In Black and White

11 January 2008 text Anelia Alexandrova
Babak Salari is an Iranian, who lives in exile more than 22 years. He defines himself as a cultural active member. Salari is famous with his impressive documentary photography. A week before his first one-man-show in Sofia, we asked him why his world is painted in Black and White.

The differences and people, sent into exile are constant subjects in your works. Is this a reflection of your past?
Yes, the exile is part of my personal experience. I know a lot of people, who lives in exile – Chileans, Latin Americans, people from the Middle East , generally – from all over the world .

Thanks to your profession you have the opportunity to travel a lot. Do you think that the borders define our nature?
It’s difficult to say. Remembering my country and the way I lived there, and seeing people here – I see different cultures. I can read Iranian poetry as well as Lorca. It’s the same with music and travel – I feel good in Havana and in Mexico. It’s all about communication. Generally – I think we are mix of everything that we are identifying with. My identity is mosaic.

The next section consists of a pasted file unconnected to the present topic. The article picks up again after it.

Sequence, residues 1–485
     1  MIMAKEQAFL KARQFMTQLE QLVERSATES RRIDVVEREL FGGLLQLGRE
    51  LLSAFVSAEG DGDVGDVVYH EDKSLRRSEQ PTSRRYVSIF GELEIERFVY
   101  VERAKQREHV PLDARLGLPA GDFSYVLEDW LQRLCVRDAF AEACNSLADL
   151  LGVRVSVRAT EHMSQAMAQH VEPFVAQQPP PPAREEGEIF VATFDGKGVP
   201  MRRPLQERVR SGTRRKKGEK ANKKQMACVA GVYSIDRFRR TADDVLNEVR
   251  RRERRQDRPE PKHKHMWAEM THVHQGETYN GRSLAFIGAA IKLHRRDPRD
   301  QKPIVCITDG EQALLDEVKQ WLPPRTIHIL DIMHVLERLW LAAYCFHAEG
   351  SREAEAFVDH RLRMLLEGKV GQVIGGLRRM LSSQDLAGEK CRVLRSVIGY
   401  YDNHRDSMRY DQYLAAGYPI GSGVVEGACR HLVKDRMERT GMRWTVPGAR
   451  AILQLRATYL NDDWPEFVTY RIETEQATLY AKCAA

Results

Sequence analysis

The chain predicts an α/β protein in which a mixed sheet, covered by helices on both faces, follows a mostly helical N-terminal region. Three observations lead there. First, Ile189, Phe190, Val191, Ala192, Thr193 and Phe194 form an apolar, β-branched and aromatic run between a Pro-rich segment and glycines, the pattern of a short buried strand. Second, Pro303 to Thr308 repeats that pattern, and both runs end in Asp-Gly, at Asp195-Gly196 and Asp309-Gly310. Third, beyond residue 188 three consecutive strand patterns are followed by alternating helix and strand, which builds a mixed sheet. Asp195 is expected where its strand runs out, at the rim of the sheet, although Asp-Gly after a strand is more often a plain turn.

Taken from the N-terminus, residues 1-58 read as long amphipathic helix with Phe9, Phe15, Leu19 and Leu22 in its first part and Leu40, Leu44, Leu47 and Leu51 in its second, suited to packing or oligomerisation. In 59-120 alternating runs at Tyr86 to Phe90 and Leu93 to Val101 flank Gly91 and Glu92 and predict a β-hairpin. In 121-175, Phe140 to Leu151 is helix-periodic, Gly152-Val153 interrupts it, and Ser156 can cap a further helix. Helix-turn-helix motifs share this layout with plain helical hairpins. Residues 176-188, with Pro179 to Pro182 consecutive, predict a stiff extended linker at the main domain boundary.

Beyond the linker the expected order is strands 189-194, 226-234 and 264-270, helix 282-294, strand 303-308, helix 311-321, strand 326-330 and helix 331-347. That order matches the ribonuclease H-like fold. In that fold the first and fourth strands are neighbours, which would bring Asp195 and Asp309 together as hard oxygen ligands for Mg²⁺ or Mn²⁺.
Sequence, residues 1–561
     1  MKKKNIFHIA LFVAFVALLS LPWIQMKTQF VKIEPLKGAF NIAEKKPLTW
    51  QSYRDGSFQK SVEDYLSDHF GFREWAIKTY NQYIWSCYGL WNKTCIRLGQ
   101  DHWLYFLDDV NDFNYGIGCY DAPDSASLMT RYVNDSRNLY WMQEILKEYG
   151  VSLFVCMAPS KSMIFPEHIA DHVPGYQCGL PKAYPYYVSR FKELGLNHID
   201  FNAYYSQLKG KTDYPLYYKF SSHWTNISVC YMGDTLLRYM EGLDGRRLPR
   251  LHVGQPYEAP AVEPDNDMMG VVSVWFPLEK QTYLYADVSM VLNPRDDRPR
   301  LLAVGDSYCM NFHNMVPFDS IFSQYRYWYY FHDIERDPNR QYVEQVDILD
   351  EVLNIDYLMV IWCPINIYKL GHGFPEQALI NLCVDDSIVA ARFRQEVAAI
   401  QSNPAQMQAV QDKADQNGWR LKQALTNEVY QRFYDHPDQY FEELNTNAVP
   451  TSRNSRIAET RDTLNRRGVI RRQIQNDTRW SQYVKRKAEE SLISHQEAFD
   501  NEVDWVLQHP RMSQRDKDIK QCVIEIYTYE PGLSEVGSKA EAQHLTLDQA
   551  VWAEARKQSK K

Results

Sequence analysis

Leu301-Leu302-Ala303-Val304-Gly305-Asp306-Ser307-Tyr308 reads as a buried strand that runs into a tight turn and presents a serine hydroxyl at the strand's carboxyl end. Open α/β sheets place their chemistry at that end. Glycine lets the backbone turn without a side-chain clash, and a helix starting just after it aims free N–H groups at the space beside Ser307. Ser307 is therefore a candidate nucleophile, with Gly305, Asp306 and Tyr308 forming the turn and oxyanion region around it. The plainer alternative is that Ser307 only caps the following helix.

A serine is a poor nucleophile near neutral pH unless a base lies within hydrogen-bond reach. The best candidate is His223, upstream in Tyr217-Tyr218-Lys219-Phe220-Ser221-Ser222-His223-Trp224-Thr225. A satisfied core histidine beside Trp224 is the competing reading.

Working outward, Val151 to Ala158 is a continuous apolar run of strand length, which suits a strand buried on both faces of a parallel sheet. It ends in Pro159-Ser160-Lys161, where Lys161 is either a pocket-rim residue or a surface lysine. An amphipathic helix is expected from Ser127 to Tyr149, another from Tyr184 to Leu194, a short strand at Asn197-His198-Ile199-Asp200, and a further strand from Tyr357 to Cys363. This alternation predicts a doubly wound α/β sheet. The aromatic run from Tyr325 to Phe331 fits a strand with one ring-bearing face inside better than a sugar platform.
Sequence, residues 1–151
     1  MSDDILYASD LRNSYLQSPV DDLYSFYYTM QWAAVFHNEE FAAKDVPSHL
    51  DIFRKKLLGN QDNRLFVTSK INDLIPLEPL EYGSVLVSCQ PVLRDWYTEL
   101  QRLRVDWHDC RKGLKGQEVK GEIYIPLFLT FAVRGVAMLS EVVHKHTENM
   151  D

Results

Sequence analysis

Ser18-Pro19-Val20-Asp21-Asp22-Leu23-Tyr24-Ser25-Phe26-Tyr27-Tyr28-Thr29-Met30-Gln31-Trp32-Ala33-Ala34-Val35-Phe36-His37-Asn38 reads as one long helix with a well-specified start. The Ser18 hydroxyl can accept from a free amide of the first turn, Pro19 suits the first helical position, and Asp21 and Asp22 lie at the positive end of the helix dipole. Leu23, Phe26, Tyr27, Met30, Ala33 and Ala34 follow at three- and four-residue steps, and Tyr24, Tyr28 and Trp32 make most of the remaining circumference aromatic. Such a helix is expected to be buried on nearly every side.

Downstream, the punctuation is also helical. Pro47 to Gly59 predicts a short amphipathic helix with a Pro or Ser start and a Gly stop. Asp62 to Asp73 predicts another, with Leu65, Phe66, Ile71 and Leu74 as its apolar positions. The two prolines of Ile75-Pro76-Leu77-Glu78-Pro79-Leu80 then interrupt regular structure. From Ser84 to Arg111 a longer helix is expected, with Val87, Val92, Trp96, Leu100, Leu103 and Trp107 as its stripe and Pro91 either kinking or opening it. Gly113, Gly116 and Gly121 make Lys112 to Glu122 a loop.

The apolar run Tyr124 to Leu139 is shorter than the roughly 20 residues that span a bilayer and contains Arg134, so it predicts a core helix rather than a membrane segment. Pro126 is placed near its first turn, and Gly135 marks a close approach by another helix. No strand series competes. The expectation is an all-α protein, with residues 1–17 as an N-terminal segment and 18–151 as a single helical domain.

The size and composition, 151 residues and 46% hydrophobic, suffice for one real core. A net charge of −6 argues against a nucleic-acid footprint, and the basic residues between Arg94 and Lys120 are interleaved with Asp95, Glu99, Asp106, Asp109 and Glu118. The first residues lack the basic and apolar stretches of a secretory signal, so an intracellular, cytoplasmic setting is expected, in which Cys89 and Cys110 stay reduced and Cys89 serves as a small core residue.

Why did you choose the documentary photography instead of doing something more commercial?
Because of my past. One of the reasons to left my country was the fact that I am a political active member. I chose the documentary style because it gave me the opportunity to open many closed doors. I take photographs of people, who can’t express themselves in any other way.

Why did you prefer black and white pictures?
I resort to black and white photography when I see the world in black and white. The colour itself doesn’t bring anything.

You came to Bulgaria to present exhibition with photos from Cuba. Tell us more about it.
The first part of this project is called Homosexuals in the periphery of society. It’s taken in 2001and the main subjects are sexual differences. Now these people are free to express themselves. Then I shot other group of people, who express themselves through the art. And then I mixed these photographs. The exhibition is called Faces, bodies, persons: stories from Cuba. Its purpose is to give a face of something that was taboo for many years.


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